Sadly, it doesn't have to be, and it wasn't always this way.
The house trailer started off not as a permanent home, but as a vehicle for having a home away from home that was mobile. In 1919, Glenn Curtiss (of Curtiss-Wright airplane fame) built a high-end custom trailer he called the "Aerocar". It was patterned after a yacht. Inside were four Pullman-style berths, a galley, a glass roof, wardrobes, running water, and a telephone to the car ahead. This attached to his Model-T Ford.
|Glenn Curtiss with his Aerocar, ca. 1922|
The average American weekender, however, could not afford such luxurious accomodations. Nevertheless, Americans have insisted on taking their cars camping. An entire industry developed around manufacturing folding trailers and autotents. These devices (often homemade) attached to the car and served as a makeshift dwelling for the family desiring the idyllic pastime offered by camping. The "Prairie Schooner" was one of the most popular models.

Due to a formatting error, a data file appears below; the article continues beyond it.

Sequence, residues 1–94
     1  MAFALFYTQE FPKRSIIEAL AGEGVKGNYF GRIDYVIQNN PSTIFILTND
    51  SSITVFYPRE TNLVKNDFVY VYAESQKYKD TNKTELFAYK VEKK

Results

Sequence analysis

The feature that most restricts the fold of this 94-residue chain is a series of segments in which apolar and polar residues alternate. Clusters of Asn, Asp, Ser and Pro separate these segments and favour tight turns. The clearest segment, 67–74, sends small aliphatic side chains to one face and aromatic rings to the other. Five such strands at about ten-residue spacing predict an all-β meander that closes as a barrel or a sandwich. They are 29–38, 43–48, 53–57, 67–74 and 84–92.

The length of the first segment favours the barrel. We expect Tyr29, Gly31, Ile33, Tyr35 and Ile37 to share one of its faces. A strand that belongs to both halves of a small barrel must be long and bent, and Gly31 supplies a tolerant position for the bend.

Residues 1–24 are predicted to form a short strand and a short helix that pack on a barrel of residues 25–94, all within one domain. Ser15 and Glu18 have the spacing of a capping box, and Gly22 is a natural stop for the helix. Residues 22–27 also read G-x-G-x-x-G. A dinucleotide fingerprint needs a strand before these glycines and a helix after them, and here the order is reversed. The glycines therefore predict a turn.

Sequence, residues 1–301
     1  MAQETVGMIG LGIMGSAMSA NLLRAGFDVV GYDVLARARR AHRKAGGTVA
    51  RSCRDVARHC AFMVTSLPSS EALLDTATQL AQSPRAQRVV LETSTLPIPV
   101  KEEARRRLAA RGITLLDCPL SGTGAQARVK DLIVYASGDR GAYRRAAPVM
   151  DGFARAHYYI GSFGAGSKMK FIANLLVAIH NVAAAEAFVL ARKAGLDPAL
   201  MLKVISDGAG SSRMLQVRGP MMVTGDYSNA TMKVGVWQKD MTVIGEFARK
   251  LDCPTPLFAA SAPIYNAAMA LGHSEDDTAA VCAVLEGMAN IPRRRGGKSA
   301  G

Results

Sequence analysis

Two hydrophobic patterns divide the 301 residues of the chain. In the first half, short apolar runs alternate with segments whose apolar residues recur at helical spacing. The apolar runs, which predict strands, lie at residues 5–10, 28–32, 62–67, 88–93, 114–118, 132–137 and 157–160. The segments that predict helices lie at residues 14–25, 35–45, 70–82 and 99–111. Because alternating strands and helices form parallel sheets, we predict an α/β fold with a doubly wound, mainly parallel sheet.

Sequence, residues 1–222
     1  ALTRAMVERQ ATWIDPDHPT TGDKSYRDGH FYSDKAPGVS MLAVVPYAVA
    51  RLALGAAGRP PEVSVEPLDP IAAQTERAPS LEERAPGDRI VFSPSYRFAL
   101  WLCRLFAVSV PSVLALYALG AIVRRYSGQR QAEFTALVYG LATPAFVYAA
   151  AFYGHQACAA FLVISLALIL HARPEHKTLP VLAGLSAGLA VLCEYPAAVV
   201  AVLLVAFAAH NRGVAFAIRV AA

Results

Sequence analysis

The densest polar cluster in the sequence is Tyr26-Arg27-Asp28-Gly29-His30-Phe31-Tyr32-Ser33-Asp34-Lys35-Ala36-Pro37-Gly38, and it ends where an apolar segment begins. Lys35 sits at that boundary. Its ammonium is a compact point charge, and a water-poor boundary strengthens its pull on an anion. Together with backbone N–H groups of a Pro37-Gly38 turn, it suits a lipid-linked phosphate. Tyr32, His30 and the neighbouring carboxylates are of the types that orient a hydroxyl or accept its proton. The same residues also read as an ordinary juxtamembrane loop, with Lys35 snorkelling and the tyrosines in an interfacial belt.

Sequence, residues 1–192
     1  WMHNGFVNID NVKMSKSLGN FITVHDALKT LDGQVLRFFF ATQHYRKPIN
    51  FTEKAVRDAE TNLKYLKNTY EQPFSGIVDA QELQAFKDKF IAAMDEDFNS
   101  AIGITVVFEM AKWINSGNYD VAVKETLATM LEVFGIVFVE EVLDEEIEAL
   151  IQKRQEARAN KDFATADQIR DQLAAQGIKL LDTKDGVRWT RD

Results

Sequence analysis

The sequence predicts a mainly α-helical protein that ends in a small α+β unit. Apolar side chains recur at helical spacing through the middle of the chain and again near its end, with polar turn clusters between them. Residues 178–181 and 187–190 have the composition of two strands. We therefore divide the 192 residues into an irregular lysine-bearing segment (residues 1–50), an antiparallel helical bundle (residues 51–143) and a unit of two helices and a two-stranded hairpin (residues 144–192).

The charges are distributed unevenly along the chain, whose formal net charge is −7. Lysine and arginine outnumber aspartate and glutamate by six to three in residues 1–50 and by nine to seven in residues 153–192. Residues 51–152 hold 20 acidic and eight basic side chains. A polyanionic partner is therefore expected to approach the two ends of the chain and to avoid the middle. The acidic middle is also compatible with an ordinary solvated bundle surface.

|A prairie schooner|
The House Trailer Takes Shape
In the 1930s, house trailers began to take on the form we now see today, with fixed sides and roofs. Airstream and Silver Dome were two companies that pioneered this new idea. This was also the time period when more people began actually LIVING in trailers, due to the relatively low cost and the transient nature of the dwelling, at a time when a large number of the workforce was transient. Below are some fun examples of the house trailer from the 1930s.
|The Patrick Collapsible House - a hybrid tent/trailer|
|William Stout's Folding House|
|The Road Chief|
|Schult Trailer Co.'s 17-foot model, ca. 1940|
|"Trailer of Tomorrow", by Carl X. Meyer|
|The "Tourhome". It telescoped up and out.|
As house trailers got more complex and elaborate, parking them became more complex. This ushered in the rise of the trailer park. Initially, municipalities offered free trailer park sites (some with electrical and plumbing hookups), hoping to take advantage of the trailer occupants business in their respective communities. This, largely, did not work. Rules had to be made about length of occupancy, and issues of sanitation were often a problem. Private parks prevailed, including some with sights of national chain-dem, though most were Mom-and-Pop affairs.
|A typical 1930s trailer park.|
|Layout for a trailer park, ca. 1935. Very idyllic!|
|A makeshift park in Detroit, mid 1930s. Parks like these caused numerous public health problems.|